Another example of this is a short story I read some years ago, possibly in a Writers of the Future volume. In it, the protagonist is time traveling, and flips through a series of historical vignettes. At one point, the arrive atop a yurt in Genghis Khan’s horde, and climb down the central tent pole to take some action. This threw me out of the story, first of all because “yurt” is a Russian word, and to Mongolians, it’s a “ger”. Second of all, gers don’t have a central tent pole. They have a pair of offset poles supporting a central ring. Why do I know this? Because I’ve spent time in Outer Mongolia, including visiting and sleeping in actual Mongolian gers. However, this is a knowledge domain that I share with about seven of the people who ever read that story.

One of the challenges of being a writer is knowing where to set that dial. When does reality trump realism? Sometimes the actual details really are less believable than the fictional details.

The example that had generated the conversation was that @madge707 was working on a story about a San Francisco police detective. In the SFPD, detectives are titled as “inspectors”. Someone in her critique group at the conference was confused by this, not realizing this bit of San Francisco detail. So the question was, did she go for the reality, which was confusing, or the realism, which was erroneous. (Obviously, there are fairly simple ways to resolve this, it’s just an example.)

I provided a similar example from living in Portland. While Portland has a police department, just like virtually every other city or town in the United States, the Portland police department is formally known as the Portland Police Bureau. (The fire department is the Portland Fire Bureau, etc.) I’m not even sure most people in Portland realize this. It’s not prominently painted on the police cars or anything. Almost certainly no one outside Portland knows this unless they have special Portland knowledge. So, as I said to @madge707, if writing about crime in Portland, would it be confusing to refer to the Police Bureau, or the PPB? Because that would look odd to most American readers, who expect the term “Police Department”.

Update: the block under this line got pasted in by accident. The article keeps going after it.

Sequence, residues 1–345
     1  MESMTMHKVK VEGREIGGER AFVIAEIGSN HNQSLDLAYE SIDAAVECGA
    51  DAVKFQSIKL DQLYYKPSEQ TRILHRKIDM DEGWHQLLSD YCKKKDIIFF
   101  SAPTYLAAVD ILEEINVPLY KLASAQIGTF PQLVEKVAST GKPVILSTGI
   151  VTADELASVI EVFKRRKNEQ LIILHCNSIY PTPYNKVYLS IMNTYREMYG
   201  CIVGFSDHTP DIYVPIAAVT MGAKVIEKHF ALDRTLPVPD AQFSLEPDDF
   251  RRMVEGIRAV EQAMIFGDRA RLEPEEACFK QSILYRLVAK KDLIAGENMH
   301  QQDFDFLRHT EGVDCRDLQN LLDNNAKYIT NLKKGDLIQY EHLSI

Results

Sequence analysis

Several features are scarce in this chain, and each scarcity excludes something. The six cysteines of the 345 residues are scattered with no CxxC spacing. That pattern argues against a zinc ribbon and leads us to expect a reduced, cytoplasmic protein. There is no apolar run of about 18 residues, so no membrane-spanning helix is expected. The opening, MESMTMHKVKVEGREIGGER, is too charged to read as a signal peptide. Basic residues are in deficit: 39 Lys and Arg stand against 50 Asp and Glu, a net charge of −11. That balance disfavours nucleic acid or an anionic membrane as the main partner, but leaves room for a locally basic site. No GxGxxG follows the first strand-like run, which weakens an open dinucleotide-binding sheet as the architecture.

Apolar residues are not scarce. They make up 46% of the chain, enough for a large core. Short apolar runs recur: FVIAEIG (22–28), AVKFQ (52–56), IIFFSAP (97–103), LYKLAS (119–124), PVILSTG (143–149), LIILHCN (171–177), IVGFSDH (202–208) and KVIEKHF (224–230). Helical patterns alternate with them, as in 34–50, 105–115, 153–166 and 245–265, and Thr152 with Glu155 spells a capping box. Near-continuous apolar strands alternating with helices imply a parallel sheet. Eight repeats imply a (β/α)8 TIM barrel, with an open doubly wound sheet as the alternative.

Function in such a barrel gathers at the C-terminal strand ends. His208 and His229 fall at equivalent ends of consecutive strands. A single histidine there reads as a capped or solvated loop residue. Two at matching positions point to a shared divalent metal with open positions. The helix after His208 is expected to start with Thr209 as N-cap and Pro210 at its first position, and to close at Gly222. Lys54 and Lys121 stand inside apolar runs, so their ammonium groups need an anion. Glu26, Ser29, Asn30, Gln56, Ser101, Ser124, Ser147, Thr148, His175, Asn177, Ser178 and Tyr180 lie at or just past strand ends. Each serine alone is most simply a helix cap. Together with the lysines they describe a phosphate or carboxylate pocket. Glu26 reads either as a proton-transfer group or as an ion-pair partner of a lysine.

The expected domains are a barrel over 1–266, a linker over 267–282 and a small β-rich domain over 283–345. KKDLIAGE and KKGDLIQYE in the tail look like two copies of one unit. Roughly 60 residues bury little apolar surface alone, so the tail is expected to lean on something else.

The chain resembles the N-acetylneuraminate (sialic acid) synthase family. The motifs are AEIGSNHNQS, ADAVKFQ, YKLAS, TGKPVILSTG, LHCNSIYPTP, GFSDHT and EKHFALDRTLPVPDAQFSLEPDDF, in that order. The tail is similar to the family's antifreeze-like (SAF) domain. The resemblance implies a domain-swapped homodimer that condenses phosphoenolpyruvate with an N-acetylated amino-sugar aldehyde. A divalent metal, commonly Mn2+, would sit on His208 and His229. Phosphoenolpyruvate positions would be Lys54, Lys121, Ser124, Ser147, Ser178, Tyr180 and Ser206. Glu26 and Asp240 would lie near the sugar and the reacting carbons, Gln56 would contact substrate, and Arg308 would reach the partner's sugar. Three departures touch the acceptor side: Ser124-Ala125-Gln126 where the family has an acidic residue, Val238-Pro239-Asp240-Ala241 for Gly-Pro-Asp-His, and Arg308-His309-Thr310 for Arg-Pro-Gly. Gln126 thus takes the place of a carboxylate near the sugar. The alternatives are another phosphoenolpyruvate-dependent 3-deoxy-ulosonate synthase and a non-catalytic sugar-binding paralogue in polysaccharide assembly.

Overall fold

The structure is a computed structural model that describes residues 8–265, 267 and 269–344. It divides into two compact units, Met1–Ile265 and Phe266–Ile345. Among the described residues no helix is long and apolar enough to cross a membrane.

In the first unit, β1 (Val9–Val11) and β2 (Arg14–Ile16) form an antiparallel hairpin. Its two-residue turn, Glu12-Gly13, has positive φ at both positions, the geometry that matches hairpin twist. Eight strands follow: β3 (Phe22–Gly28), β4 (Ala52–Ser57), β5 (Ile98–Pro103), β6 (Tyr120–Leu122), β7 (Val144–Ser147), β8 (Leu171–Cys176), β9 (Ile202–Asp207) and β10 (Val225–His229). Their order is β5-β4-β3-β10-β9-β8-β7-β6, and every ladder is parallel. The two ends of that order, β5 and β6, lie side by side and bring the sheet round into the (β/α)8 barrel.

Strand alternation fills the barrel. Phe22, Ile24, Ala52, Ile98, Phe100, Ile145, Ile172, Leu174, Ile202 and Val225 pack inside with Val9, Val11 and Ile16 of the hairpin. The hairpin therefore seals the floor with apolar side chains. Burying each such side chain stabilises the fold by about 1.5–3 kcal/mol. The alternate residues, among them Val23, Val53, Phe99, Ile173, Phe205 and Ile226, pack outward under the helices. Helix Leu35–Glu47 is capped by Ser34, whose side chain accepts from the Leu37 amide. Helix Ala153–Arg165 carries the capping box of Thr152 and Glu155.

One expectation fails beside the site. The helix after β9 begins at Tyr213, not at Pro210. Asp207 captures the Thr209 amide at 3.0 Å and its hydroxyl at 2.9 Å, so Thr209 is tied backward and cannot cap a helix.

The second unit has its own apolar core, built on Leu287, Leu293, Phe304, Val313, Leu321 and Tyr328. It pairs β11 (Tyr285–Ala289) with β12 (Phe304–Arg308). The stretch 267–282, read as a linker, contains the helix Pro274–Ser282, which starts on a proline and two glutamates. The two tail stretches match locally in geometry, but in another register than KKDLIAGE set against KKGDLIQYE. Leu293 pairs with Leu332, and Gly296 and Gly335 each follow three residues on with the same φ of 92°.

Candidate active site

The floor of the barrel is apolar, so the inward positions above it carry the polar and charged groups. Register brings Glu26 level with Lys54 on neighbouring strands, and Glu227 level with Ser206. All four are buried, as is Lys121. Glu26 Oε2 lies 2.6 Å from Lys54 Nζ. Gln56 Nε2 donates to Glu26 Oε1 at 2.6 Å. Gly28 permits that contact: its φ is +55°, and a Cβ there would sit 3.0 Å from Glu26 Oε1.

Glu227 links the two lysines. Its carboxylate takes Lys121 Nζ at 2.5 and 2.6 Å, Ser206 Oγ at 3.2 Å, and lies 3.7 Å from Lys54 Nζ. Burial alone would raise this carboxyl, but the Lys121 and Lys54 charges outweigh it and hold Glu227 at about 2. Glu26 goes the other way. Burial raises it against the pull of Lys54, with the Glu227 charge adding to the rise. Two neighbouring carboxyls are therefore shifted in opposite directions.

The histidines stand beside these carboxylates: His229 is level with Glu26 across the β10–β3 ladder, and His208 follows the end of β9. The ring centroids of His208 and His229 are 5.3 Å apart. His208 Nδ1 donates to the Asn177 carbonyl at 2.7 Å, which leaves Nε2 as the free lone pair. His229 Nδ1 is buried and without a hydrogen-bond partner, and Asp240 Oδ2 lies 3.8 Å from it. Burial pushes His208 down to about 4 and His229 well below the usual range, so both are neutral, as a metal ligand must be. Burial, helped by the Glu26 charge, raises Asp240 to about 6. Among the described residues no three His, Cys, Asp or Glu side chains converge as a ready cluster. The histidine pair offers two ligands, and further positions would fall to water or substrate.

A couple of days later, I’m reading Mark Teppo‘s excellent and gripping novel LightbreakerPowells | BN ] (which I have since left on an airplane, forty pages from the end, grrr) and what do I find but a reference to the Portland Police Department, being used by a character who is a cop from the Seattle Police Department. The reference is in initial caps, i.e., the proper name, which is of course, not correct. Something the character in question would absolutely know better than to do, insofar as real life goes.